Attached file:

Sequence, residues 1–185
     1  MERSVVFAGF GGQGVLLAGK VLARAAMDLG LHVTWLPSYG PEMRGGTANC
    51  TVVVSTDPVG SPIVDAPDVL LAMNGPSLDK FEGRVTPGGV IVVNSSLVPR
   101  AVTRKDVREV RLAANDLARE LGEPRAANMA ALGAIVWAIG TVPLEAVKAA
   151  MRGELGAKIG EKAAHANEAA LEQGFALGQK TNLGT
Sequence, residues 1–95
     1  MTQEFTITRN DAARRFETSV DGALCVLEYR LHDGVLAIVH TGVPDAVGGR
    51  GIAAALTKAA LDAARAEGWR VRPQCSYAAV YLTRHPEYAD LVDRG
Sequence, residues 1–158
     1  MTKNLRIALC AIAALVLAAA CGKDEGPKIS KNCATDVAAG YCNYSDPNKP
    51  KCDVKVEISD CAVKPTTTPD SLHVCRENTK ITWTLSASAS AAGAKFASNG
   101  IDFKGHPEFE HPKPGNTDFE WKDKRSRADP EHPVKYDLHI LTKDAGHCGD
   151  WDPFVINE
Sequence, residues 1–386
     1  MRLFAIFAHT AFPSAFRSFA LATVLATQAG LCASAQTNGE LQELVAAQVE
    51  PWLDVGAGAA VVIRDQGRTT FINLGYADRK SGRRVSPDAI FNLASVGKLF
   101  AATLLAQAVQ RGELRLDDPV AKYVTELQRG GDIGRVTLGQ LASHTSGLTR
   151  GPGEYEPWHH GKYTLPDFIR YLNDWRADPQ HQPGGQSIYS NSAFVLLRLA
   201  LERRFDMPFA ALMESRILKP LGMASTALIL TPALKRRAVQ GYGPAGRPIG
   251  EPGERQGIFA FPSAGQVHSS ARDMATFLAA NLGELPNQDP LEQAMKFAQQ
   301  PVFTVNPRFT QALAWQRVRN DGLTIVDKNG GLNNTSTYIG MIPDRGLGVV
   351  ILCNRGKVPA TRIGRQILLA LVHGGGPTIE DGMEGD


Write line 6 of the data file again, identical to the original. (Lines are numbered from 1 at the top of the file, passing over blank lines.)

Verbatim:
Sequence, residues 1–95